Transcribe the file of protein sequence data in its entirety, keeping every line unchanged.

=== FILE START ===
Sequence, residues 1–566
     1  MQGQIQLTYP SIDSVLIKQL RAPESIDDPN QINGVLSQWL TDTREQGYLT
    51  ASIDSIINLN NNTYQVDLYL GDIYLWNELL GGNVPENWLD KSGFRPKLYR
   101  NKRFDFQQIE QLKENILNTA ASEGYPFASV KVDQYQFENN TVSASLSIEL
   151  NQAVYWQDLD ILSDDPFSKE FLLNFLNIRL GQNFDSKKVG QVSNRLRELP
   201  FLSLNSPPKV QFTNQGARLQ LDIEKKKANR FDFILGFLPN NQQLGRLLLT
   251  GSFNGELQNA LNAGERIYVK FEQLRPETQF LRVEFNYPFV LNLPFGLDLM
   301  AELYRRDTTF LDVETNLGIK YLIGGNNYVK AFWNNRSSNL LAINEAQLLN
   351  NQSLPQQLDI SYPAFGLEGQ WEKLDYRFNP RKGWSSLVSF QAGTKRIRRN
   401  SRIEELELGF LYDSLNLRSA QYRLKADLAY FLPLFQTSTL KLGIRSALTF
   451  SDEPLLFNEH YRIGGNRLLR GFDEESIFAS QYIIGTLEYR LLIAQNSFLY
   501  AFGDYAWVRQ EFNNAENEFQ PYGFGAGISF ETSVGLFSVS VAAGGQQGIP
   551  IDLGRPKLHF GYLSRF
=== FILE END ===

Sequence, residues 1–566
     1  MQGQIQLTYP SIDSVLIKQL RAPESIDDPN QINGVLSQWL TDTREQGYLT
    51  ASIDSIINLN NNTYQVDLYL GDIYLWNELL GGNVPENWLD KSGFRPKLYR
   101  NKRFDFQQIE QLKENILNTA ASEGYPFASV KVDQYQFENN TVSASLSIEL
   151  NQAVYWQDLD ILSDDPFSKE FLLNFLNIRL GQNFDSKKVG QVSNRLRELP
   201  FLSLNSPPKV QFTNQGARLQ LDIEKKKANR FDFILGFLPN NQQLGRLLLT
   251  GSFNGELQNA LNAGERIYVK FEQLRPETQF LRVEFNYPFV LNLPFGLDLM
   301  AELYRRDTTF LDVETNLGIK YLIGGNNYVK AFWNNRSSNL LAINEAQLLN
   351  NQSLPQQLDI SYPAFGLEGQ WEKLDYRFNP RKGWSSLVSF QAGTKRIRRN
   401  SRIEELELGF LYDSLNLRSA QYRLKADLAY FLPLFQTSTL KLGIRSALTF
   451  SDEPLLFNEH YRIGGNRLLR GFDEESIFAS QYIIGTLEYR LLIAQNSFLY
   501  AFGDYAWVRQ EFNNAENEFQ PYGFGAGISF ETSVGLFSVS VAAGGQQGIP
   551  IDLGRPKLHF GYLSRF